Nearly a year after the Obama administration launched a massive public relations campaign to dispel rumors of a free pass for immigrant families crossing the border illegally, internal intelligence files from the Homeland Security Department suggest that effort is failing.
Hundreds of immigrant families caught illegally crossing the Mexican border between July and September told U.S. immigration agents they made the dangerous trip in part because they believed they would be permitted to stay in the United States and collect public benefits.
The interviews with immigrants by federal agents were intended to help the Obama administration understand what might be driving a puzzling surge in the numbers of border crossings that started over the summer.
Administration efforts to stop the flow of immigrant families, primarily from Central America, have included public service campaigns in Honduras, El Salvador and Guatemala to highlight the dangers and consequences of making the trek.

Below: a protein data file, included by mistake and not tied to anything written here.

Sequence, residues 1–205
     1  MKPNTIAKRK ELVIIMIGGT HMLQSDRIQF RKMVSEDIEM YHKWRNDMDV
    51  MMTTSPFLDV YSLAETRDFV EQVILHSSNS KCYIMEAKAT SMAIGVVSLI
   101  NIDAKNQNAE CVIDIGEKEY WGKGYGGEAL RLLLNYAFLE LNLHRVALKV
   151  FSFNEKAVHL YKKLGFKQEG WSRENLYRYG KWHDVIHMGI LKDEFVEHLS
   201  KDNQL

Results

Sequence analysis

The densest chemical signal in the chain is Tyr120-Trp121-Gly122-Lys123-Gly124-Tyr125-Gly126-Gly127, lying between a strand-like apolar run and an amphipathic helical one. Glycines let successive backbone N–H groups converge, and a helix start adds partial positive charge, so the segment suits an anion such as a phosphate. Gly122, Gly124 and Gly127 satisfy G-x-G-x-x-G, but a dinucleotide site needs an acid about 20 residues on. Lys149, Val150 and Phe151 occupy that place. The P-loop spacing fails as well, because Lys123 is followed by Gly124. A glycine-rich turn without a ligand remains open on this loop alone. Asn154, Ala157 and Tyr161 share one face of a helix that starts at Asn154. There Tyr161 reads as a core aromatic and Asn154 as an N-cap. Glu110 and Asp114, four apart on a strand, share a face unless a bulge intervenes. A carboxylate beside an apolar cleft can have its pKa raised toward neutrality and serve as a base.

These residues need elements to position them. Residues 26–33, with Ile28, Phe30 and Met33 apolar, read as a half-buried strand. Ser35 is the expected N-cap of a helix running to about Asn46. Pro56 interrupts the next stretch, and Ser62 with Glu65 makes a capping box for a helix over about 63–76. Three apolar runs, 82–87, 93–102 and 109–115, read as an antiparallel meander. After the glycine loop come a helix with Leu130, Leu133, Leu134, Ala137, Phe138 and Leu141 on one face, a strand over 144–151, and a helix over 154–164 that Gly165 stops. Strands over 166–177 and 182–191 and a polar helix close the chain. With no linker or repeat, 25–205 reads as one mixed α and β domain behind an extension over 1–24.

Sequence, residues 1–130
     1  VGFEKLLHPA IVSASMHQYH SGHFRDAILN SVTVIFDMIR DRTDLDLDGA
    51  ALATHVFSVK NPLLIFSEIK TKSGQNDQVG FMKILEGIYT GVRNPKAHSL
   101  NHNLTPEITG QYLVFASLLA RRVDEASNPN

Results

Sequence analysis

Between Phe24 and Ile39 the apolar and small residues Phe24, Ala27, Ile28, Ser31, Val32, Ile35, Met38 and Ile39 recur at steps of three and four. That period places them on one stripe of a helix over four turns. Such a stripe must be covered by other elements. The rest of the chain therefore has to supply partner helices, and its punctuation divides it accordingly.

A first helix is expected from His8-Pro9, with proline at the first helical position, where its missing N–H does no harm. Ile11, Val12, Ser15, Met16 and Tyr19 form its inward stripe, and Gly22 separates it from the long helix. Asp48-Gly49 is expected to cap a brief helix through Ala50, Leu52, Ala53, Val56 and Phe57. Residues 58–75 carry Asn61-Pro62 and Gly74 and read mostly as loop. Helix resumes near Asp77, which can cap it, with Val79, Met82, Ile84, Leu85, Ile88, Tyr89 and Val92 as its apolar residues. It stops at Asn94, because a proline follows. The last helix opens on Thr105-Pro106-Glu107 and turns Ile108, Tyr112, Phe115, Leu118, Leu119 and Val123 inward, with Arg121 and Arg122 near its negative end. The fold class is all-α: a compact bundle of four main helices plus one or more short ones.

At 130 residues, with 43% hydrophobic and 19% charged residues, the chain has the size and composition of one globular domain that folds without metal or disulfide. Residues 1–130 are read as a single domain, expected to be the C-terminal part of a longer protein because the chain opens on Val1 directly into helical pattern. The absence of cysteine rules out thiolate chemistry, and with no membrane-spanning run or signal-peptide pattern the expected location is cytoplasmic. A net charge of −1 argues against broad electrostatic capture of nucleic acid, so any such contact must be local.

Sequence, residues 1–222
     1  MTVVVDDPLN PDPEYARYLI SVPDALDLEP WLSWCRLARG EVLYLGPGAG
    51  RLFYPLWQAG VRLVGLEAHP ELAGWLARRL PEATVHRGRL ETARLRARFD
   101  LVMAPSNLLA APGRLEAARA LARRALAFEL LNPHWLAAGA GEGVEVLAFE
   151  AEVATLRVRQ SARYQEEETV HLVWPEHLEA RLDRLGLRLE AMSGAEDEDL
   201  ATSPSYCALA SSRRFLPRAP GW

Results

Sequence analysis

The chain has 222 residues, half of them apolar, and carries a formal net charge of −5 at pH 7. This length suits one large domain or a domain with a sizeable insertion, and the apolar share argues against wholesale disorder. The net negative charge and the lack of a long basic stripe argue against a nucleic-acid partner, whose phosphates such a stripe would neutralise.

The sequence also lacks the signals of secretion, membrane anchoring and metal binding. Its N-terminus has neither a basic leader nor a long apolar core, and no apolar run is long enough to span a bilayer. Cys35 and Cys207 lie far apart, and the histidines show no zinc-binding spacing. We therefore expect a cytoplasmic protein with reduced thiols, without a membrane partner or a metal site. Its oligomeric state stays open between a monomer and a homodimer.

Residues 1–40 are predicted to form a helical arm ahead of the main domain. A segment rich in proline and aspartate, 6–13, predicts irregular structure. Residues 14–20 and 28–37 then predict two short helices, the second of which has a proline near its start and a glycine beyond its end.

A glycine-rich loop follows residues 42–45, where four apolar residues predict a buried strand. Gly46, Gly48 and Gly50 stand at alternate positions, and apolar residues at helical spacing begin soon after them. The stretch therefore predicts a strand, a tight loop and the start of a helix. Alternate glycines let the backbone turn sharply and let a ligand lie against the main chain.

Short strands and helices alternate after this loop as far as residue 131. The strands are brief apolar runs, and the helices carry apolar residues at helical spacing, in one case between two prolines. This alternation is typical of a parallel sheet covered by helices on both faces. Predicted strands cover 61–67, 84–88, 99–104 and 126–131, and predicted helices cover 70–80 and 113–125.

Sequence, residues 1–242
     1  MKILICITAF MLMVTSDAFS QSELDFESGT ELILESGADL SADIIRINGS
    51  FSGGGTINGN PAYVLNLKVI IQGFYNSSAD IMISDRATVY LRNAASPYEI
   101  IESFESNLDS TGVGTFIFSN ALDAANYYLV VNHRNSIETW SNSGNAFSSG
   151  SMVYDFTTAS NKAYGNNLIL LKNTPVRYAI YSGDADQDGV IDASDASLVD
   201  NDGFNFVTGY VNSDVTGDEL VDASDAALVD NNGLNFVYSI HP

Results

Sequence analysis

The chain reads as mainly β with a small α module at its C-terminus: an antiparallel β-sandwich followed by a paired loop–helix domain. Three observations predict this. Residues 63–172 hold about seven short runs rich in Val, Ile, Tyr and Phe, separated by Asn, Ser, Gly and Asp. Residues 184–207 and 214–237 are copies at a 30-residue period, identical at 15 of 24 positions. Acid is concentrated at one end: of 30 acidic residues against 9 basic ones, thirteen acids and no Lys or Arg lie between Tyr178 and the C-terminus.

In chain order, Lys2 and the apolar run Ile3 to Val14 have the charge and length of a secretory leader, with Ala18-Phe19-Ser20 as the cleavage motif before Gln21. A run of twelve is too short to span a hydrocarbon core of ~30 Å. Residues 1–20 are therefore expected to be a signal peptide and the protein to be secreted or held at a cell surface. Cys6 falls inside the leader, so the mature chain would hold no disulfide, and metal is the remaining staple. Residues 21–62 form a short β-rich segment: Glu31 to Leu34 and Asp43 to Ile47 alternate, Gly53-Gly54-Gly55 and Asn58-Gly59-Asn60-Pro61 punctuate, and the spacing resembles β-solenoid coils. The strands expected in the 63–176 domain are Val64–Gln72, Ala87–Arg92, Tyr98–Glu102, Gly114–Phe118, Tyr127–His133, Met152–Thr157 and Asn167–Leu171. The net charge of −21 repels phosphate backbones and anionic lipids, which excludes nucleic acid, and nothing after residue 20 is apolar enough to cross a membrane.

The Associated Press obtained copies of the interview summaries, which were compiled in reports by the U.S. Customs and Border Protection's Office of Intelligence. They said hundreds of people traveling as part of families consistently cited opportunities to obtain permission to stay in the U.S., claim asylum and receive unspecified benefits. Immigrants spoke of "permisos," or a pass to come into the United States.
The report "is not intended to be a comprehensive analysis of the situation," said department spokeswoman Marsha Catron, adding that troubles in the immigrants' home countries likely contributed to their flight as well.
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Although the Obama administration has explained that immigrants who cross the U.S. border illegally can be deported, lengthy backlogs of more than 456,000 cases mean that immigrants can effectively remain in the U.S. for years before a judge decides whether they should leave the country. Also, recent court rulings have complicated the government's plans to hold families in immigration jails pending deportation proceedings. Immigrants living in the U.S. illegally generally are not eligible for public benefits, except that children may receive free or reduced meals in public schools.Read the rest of the story HERE.
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